Can New Credit Score Changes Help People with Unpaid Medical Bills?

Posted on July 26, 2017 at 12:00pm by

Will medical debt still hurt your credit report?Did you know that half of all negative marks on credit reports are related to medical expenses? For 15 million Americans, unpaid medical bills are the only negative marks on their credit reports. This problem has become worse as more Americans purchase insurance policies with high deductibles. However, recent changes to how the three credit agencies will report these blemishes could improve your credit score.

Starting on September 15th, Equifax, TransUnion and Experian will wait for 180 days before adding unpaid medical bills to your credit report. At the moment, your medical bills may be reported to the credit bureaus after 30 to 120 days of nonpayment. This new waiting period will give you time to resolve disputes with your insurance company. If a hospital or doctor’s office sends you to collections, the three credit bureaus will remove the debt from your credit report once it is paid by your insurer.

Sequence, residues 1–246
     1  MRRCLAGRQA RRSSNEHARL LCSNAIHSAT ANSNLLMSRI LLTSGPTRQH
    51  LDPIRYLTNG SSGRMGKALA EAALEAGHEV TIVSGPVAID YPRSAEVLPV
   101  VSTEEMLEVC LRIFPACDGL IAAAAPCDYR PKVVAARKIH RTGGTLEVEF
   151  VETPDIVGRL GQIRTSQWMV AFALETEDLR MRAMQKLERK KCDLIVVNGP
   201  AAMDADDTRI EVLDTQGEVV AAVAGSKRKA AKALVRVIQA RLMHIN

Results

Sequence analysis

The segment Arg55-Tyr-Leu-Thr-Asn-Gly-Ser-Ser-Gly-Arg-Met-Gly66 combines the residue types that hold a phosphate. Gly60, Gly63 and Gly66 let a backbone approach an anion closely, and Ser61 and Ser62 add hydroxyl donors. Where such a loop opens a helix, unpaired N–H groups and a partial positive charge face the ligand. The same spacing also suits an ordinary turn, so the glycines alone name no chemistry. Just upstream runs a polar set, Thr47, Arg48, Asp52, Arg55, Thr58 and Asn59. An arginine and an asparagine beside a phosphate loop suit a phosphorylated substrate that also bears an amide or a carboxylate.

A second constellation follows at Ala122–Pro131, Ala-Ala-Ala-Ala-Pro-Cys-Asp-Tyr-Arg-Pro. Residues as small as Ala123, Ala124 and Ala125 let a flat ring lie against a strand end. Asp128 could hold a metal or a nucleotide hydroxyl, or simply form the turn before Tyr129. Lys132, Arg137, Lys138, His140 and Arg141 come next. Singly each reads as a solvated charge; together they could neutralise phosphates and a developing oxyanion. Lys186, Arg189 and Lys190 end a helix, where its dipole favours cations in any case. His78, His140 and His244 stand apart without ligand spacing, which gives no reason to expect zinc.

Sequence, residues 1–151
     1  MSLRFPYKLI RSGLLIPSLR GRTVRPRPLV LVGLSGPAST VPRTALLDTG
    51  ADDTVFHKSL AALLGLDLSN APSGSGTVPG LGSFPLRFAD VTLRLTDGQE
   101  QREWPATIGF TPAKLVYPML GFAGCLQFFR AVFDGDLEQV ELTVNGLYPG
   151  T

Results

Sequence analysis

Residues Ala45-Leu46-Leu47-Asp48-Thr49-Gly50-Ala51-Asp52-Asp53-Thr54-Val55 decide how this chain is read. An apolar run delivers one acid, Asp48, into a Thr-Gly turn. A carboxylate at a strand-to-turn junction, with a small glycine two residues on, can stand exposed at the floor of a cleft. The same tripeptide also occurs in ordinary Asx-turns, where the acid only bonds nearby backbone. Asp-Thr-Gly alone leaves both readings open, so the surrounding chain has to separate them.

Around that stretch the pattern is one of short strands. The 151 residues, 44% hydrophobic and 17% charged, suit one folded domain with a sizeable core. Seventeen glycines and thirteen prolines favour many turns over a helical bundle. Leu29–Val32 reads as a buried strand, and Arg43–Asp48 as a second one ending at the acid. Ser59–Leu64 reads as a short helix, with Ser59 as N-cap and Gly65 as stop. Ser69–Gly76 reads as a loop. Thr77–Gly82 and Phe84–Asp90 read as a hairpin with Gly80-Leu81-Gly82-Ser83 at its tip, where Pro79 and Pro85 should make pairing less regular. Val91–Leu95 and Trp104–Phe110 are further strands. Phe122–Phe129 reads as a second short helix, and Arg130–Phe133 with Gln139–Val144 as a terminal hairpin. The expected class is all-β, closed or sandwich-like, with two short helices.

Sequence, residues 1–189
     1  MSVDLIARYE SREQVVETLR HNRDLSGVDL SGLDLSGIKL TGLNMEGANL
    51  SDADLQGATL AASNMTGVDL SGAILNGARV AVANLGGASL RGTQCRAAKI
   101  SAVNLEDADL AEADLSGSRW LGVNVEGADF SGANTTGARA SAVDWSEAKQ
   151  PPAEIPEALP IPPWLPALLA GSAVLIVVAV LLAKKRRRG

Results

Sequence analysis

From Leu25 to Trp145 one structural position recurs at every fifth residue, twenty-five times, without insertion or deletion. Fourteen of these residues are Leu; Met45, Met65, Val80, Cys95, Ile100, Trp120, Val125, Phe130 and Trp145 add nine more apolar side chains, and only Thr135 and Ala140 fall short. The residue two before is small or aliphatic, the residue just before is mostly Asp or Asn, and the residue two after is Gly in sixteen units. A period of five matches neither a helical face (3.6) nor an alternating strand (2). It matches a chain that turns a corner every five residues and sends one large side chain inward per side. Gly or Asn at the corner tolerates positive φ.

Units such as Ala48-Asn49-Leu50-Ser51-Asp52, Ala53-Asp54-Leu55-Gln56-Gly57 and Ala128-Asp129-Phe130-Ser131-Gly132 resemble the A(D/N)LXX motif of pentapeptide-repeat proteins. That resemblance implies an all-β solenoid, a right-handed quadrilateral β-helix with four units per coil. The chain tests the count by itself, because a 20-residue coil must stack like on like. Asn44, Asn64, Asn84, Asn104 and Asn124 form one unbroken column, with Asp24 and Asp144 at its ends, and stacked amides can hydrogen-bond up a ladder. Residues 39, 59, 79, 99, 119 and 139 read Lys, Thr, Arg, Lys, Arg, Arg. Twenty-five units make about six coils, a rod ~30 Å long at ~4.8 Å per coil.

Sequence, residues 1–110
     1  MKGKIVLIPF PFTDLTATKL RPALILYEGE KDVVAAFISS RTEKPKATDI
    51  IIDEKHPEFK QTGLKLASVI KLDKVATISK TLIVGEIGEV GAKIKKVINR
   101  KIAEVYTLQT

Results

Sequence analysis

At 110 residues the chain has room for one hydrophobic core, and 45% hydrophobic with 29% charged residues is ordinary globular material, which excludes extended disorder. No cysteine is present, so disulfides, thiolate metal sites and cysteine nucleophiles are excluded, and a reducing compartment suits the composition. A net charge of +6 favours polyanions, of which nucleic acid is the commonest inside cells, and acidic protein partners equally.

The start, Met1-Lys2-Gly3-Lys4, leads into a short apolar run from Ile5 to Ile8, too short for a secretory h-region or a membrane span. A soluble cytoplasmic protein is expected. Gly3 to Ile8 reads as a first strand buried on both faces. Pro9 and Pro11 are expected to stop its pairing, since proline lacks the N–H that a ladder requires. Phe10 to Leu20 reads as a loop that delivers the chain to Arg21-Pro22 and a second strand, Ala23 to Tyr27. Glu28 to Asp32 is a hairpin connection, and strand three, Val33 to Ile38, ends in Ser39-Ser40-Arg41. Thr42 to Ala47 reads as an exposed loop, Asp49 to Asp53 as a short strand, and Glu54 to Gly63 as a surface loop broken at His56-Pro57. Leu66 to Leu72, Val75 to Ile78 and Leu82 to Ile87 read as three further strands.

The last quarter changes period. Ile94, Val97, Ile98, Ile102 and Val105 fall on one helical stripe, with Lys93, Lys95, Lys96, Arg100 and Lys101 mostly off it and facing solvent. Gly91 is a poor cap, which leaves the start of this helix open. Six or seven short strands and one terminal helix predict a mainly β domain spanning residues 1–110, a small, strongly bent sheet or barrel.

What If I Already Have Unpaid Medical Bills?

If you have unaffordable medical bills that insurance will not cover, then you may discover that a lower credit score is the least of your problems. Depending on the state you reside in, creditors may seek judgments to garnish your wages. In Missouri, creditors can take 10 to 25 percent of your disposable income.

You can discharge medical debt in bankruptcy. Medical bills are treated as nonpriority unsecured debts. Filing for bankruptcy may be a good option if you are currently experiencing a wage garnishment or other problems caused by past due medical bills.

The Kansas City bankruptcy attorneys at The Sader Law Firm can help you learn of possible debt relief options for unpaid medical bills.



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